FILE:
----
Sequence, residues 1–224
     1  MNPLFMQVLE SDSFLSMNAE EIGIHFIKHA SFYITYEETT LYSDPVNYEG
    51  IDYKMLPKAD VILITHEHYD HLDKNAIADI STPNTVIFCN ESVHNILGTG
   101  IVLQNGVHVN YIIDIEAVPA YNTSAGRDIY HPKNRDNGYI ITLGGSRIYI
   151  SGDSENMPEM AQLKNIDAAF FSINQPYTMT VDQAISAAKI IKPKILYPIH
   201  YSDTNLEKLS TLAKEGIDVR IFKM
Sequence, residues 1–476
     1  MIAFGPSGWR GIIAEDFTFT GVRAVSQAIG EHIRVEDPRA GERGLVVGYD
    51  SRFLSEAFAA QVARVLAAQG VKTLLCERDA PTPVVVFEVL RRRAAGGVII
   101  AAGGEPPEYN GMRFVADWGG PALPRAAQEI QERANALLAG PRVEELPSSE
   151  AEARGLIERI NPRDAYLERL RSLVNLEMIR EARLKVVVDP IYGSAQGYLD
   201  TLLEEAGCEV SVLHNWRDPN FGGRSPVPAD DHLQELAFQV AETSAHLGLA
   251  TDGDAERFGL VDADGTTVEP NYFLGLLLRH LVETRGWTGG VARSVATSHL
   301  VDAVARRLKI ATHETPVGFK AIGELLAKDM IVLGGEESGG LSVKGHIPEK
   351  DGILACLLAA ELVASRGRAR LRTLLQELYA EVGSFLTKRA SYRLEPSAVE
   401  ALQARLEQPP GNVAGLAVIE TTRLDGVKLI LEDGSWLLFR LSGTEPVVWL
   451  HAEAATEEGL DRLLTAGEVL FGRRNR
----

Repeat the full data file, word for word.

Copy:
Sequence, residues 1–224
     1  MNPLFMQVLE SDSFLSMNAE EIGIHFIKHA SFYITYEETT LYSDPVNYEG
    51  IDYKMLPKAD VILITHEHYD HLDKNAIADI STPNTVIFCN ESVHNILGTG
   101  IVLQNGVHVN YIIDIEAVPA YNTSAGRDIY HPKNRDNGYI ITLGGSRIYI
   151  SGDSENMPEM AQLKNIDAAF FSINQPYTMT VDQAISAAKI IKPKILYPIH
   201  YSDTNLEKLS TLAKEGIDVR IFKM
Sequence, residues 1–476
     1  MIAFGPSGWR GIIAEDFTFT GVRAVSQAIG EHIRVEDPRA GERGLVVGYD
    51  SRFLSEAFAA QVARVLAAQG VKTLLCERDA PTPVVVFEVL RRRAAGGVII
   101  AAGGEPPEYN GMRFVADWGG PALPRAAQEI QERANALLAG PRVEELPSSE
   151  AEARGLIERI NPRDAYLERL RSLVNLEMIR EARLKVVVDP IYGSAQGYLD
   201  TLLEEAGCEV SVLHNWRDPN FGGRSPVPAD DHLQELAFQV AETSAHLGLA
   251  TDGDAERFGL VDADGTTVEP NYFLGLLLRH LVETRGWTGG VARSVATSHL
   301  VDAVARRLKI ATHETPVGFK AIGELLAKDM IVLGGEESGG LSVKGHIPEK
   351  DGILACLLAA ELVASRGRAR LRTLLQELYA EVGSFLTKRA SYRLEPSAVE
   401  ALQARLEQPP GNVAGLAVIE TTRLDGVKLI LEDGSWLLFR LSGTEPVVWL
   451  HAEAATEEGL DRLLTAGEVL FGRRNR